Health Secretary Jeane Freeman today unveiled new funds as part of the NHS Winter Preparedness Plan.
Speaking in Holyrood, Ms Freeman also announced new objectives on vaccination and testing.
She said: “Last month I announced £1.1 billion for NHS Health Boards and Integration Authorities to meet the costs of responding to the pandemic.
“Today I’m announcing an additional £37m to ensure our health and care services are in the best position to respond to these unprecedented winter challenges.
“These resources will support our key priorities for the next phase - our vaccination programmes, Test and Protect, and sustaining our essential services.”
Ms Freeman also announced the Scottish Government now planned to vaccinate nearly 2.5 million people for flu as part of a two-step approach to saving lives.
She explained: “The first of these is underway using a range of delivery routes, with health boards aiming to deliver vaccinations to all high risks groups by December 31 with many operating seven days a week to do that.
“Alongside this our work is underway – learning the lessons from the flu programme – to see a national plan with local delivery for the Covid-19 vaccine – as soon as one becomes validated and available and with an initial focus on protecting the most vulnerable to harm.”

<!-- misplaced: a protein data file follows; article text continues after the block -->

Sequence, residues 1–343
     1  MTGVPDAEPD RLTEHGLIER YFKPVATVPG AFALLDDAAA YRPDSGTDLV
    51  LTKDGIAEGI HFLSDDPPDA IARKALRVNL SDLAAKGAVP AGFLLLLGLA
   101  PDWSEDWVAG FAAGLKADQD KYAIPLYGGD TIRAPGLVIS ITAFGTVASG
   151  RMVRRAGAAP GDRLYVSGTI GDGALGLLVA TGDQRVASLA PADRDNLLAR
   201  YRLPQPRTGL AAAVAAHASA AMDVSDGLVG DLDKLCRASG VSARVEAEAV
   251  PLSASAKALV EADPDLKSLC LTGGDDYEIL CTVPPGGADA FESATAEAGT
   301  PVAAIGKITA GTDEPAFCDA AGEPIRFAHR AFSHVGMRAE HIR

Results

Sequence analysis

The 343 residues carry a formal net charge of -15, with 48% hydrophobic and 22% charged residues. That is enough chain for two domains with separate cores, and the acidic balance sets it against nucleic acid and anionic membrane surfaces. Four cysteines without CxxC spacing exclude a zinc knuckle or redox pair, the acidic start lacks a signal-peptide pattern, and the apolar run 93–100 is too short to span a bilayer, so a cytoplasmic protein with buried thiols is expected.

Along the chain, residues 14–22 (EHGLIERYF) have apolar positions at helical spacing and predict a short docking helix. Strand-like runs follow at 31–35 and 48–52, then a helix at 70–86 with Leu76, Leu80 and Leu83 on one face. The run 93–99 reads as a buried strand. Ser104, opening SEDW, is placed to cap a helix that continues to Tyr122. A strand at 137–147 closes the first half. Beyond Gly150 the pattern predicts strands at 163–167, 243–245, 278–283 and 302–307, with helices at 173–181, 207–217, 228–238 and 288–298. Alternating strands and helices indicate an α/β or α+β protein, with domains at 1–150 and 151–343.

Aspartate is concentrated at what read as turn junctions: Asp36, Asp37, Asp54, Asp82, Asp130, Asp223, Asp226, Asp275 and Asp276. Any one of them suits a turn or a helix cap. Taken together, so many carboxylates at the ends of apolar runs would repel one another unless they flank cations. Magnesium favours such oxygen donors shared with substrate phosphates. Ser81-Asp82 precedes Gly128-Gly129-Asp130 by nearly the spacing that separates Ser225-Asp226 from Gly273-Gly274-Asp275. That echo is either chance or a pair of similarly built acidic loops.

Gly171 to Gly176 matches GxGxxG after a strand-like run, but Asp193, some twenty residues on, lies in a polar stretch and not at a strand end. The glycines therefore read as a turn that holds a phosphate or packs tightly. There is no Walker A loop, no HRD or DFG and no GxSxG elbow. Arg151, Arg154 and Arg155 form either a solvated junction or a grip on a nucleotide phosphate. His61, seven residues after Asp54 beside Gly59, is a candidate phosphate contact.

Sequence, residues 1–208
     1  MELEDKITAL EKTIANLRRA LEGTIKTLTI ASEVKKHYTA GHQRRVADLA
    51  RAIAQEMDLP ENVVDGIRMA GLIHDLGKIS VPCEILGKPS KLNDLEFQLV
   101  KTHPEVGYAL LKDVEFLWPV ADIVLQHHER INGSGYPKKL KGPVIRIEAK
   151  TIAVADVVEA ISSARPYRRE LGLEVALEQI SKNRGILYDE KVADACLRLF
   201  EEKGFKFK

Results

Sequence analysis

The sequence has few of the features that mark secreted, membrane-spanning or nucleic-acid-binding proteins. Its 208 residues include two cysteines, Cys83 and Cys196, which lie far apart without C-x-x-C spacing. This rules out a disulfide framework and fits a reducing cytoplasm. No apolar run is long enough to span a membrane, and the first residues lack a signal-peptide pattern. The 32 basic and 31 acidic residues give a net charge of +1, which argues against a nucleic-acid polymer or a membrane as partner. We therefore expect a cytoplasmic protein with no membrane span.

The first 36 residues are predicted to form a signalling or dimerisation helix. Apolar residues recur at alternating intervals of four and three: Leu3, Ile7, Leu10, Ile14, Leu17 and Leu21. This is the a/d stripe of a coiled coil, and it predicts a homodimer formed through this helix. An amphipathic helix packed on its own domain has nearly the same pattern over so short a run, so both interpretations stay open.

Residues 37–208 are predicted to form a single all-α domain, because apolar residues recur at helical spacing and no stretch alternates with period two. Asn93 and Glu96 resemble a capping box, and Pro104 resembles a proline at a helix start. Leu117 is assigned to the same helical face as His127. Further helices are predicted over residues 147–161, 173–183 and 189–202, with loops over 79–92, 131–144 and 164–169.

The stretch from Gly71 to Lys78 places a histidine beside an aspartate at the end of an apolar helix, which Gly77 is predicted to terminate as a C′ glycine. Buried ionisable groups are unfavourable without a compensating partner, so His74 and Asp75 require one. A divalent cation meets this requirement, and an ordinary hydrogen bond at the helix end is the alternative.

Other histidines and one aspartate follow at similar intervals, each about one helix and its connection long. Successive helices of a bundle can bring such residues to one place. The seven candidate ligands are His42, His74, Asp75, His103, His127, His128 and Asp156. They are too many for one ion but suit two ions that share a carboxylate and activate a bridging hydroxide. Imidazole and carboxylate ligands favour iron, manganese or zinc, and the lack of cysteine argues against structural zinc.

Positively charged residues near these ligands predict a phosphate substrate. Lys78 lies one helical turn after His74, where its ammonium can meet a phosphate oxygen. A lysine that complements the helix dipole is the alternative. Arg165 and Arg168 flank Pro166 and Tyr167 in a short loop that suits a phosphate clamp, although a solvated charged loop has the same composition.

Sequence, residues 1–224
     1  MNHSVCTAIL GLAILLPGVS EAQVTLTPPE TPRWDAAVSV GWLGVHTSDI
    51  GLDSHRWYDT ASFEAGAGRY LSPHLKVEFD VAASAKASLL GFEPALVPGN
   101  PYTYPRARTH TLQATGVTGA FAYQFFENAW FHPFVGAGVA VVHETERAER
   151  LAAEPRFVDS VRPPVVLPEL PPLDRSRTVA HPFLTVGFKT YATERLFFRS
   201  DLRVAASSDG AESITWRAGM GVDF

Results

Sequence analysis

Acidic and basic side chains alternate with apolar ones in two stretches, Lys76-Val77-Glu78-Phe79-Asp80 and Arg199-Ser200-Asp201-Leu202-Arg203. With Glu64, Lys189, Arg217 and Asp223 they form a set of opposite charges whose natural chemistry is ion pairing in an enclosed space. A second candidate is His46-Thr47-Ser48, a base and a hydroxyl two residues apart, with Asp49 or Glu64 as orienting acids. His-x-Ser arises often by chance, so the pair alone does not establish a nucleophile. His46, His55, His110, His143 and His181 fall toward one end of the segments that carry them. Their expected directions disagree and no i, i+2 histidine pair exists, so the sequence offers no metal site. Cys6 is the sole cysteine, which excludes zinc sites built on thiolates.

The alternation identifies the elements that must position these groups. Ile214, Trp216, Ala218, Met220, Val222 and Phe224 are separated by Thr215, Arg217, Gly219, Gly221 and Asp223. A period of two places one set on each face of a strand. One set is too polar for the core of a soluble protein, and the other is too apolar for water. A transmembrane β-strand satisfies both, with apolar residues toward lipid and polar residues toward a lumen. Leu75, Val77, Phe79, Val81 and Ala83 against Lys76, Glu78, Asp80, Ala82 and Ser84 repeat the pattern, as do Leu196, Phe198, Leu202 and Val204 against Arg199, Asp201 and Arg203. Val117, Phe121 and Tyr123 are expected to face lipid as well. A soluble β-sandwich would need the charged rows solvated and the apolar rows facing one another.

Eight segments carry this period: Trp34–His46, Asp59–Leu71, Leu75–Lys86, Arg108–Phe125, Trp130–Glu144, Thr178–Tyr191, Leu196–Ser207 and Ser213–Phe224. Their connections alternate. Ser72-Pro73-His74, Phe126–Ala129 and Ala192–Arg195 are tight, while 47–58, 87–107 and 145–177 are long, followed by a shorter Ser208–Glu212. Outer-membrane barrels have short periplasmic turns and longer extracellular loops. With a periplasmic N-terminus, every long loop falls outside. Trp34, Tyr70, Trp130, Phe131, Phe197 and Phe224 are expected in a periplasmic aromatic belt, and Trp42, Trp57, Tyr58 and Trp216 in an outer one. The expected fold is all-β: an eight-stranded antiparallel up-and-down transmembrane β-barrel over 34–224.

The Carrick, Cumnock and Doon Valley MSP also announced an expansion of testing.
She told MSPs: “Our Test and Protect strategy is a key element in that battle to disrupt the spread of the virus.
“We are increasing overall Scottish testing capacity from current position of around 27,000 to at least 65,000 tests per day by the winter, drawing upon both NHS Scotland and UK-wide Lighthouse lab capacities.
“Three new NHS Regional Testing Hubs will be fully operational by early December, contributing an additional 22,000 daily tests to that 65 thousand number.
“And we’re working through what additional capacity new processing technologies can offer and new test routes can bring to our plan to increase the cohorts of individuals offered regular asymptomatic testing – in line with the clinical review published on last Friday.”
Her announcements came on the day it emerged the Protect Scotland Covid-19 tracing app is now compatible with similar systems in Northern Ireland and Jersey – and should be able to link up with the app in England and Wales in the “coming weeks”.
More than 1.5 million people have now downloaded the Protect Scotland app to their smartphones, with more than 10,000 people having been contacted by the system to let them know they have been in close contact with someone who has tested positive for coronavirus.
Ms Freeman insisted the Scottish Government would do whatever it takes to keep the public safe.
She said: “I am absolutely determined that we will do everything in our power to be ready for these challenges.
"We have learnt a great deal from the first wave of the pandemic and we are better prepared.
"Our NHS Winter Preparedness Plan sets out the range of actions we are taking to support our incredible healthcare services and to work with them to manage this next phase.
“That is nothing more than they – and the people of Scotland – deserve.”